James Q. Wilson has been called “the smartest man in the United States,” “the Sinatra of social science” and “a man as distinctive as the Q” that served as his middle initial. His death last Friday at age 80 represents the loss of a rare and brilliant illuminant for conservatives (although Wilson once wrote that he did not think of himself as a conservative “neo or paleo“), but it is also an invitation to those of us who never knew him personally to rediscover both the man and his work.

The casual student of political science — and someone not particularly immersed in the modern conservative movement — is probably most apt to remember Wilson for his “Broken Windows” theory (the idea that tolerating slight criminal infractions leads to more serious crimes), which Rudy Giuliani applied practically as mayor of New York City and Malcolm Gladwell later highlighted in his popular book, The Tipping Point.

But Wilson was also in the vanguard of towering thinkers who, in wisdom and humility, admitted that “we know less than we thought we knew about how to change the human condition.” That admission was a brave step back from the audacity and arrogance of progressivism, which prescribes a policy solution to every human problem and posits the possibility of an earthly utopia.

George Will captures the practical, moral bend of Wilson’s mind:

Try, he wrote, to think “of a human want or difficulty that is not now defined as a ‘public policy problem.’ ” The defining is done by elites to whose ideas the political system has become so open that changes of policy often result not from changes of public opinion but from changes in the way elites think. Liberal elites define problems as amenable to government engineering of new social structures. Conservative elites emphasize the cultural roots of many problems and hence their intractability.

America, Wilson said, increasingly faces “problems that do not seem to respond, or to respond enough, to changes in incentives.” This is because culture is often determinative, is harder to change than incentives and impedes individuals’ abilities to respond to incentives. If Wilson was right, and the memory of man runneth not to when he wasn’t, his wisdom should inform America’s worries about increasing inequality:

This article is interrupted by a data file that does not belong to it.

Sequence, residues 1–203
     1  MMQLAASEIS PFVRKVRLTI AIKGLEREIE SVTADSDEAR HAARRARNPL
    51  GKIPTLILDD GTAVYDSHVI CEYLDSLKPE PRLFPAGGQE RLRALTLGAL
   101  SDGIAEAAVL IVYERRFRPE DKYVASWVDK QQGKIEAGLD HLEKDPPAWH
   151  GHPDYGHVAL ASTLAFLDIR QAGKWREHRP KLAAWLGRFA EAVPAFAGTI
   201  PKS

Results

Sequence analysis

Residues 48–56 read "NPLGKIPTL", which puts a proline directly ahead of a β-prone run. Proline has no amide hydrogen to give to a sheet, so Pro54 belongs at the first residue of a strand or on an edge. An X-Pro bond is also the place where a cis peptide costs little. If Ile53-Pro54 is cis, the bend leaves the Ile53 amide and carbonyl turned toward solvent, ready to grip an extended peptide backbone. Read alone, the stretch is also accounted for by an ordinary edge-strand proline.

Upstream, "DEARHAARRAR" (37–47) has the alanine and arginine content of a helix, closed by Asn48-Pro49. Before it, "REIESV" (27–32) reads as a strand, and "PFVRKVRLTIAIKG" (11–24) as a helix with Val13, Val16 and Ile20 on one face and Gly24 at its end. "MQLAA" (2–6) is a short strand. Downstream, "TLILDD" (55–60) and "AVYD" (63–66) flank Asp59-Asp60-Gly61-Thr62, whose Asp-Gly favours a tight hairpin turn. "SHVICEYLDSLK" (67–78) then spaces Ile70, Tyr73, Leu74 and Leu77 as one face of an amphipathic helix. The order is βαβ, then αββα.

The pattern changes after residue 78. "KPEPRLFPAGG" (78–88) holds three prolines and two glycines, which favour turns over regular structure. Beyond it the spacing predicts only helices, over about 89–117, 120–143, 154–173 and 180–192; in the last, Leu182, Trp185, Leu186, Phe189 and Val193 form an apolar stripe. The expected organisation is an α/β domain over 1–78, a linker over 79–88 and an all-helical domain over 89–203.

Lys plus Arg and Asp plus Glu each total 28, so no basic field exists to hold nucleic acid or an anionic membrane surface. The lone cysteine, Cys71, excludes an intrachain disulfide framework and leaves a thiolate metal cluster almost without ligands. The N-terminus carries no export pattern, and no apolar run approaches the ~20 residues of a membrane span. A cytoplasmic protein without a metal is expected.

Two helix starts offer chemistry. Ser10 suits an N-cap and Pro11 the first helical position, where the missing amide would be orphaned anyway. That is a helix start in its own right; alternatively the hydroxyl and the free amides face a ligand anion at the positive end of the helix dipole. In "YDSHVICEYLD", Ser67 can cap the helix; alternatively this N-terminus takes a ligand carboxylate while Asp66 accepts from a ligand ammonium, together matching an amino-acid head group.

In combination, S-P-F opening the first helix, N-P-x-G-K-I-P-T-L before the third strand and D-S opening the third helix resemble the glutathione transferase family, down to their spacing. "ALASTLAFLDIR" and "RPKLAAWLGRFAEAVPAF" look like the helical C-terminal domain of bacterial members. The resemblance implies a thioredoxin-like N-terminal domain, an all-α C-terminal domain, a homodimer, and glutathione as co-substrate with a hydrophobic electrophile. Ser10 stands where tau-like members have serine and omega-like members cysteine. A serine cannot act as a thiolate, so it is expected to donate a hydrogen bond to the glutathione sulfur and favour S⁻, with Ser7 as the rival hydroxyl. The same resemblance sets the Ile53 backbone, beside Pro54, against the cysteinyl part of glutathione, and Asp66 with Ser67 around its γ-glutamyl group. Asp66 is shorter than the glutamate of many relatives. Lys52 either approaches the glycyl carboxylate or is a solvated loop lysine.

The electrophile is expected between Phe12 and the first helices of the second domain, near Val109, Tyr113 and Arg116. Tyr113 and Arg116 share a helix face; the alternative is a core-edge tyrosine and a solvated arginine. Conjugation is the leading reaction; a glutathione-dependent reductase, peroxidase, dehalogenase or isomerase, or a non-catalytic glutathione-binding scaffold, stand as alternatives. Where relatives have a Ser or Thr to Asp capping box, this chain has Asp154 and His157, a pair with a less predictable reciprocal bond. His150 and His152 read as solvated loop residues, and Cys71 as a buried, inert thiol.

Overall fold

Largely because of genetic factors and partly because of advantages of nurturing that cannot be redistributed by government, people differ in aptitudes. Society tends to reward useful aptitudes. This produces hierarchies of pay and power that are resistant to rearrangement by government, including government attempts to redistribute income. Such attempts often ignore how income differences are necessary to reward activities and ignore history, which suggests that economic growth, which redistribution often inhibits, does more than redistributionist measures to narrow inequalities.

Wilson warned that we should be careful about what we think we are, lest we become that. Human nature, he said, is not infinitely plastic; we cannot be socialized to accept anything. We do not recoil from Auschwitz only because our culture has so disposed us. Children, Wilson thought, are intuitive moralists, but instincts founded in nature must be nurtured in families. The fact that much of modern life, from family disintegration to scabrous entertainment, is shocking is evidence for, not against, the moral sense, which is what is shocked. And the highest purpose of politics is to encourage the flourishing of a culture that nurtures rather than weakens the promptings of the moral sense.

Wilson’s intellectual contributions to the country, clearly, were impressive and important — but he has something more to teach us than just how to think. Like Andrew Breitbart, Wilson lived fully, with an appetite to digest new ideas wherever he encountered them, whether in the actual works of Aristotle or in their modern, popular distillation in “Calvin and Hobbes.” Wilson’s colleague Harvey C. Mansfield highlights a bit more of “the man” and not just “the mind”:

There are two other things you need to know about Jim Wilson. This wonderful man had a wonderful wife. In the tradition of old-fashioned husbands, everything he did was done for her—and not to settle a personal identity crisis.

And he was very American. He never preached Americanism, but he liked the things Americans like: baseball, steak, beer, cars. And when not keeping up with the profession, he liked a good book.

It’s Wilson’s humanity — and, indeed, the humanity of all the seemingly superhuman heroes of modern conservatism — that fascinates me most. Since I informally “joined” the conservative movement by accepting my first job out of college at The Heritage Foundation, it has been a pleasure and a privilege to meet so many of the people whose work I’d long admired — and to realize that they attained their positions simply by being themselves and by refusing to descend to the cheapness of imitation. Oh, it sounds so cheesy, but it’s so true; we’re all called to be “as distinctive as the Q.” The juxtaposition of Breitbart’s and Wilson’s deaths is a reminder of that. They were two very different men, but with two similarly outsized impacts. The only way to do that — to memorably and lastingly impact others — is to contribute what only you can, whatever it might be.